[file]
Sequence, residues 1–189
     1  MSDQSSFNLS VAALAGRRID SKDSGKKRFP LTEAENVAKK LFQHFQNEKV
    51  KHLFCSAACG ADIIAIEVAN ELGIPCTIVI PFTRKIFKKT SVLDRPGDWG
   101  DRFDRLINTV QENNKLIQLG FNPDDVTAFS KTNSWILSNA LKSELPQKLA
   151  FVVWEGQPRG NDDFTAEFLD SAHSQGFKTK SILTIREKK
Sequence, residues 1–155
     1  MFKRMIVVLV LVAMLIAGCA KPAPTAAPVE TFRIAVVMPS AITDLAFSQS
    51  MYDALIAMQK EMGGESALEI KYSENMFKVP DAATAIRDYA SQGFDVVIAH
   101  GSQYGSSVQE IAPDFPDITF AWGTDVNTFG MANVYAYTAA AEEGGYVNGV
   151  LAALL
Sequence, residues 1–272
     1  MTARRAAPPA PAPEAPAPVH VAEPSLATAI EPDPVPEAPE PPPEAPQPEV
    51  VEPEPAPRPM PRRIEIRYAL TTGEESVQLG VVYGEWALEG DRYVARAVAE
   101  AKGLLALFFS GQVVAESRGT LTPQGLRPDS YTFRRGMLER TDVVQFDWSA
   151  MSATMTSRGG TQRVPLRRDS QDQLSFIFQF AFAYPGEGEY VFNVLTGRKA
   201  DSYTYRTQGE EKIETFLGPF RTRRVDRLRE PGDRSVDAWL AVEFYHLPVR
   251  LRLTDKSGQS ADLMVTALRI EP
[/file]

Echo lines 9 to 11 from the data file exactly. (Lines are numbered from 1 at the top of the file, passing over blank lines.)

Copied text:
   101  GSQYGSSVQE IAPDFPDITF AWGTDVNTFG MANVYAYTAA AEEGGYVNGV
   151  LAALL
Sequence, residues 1–272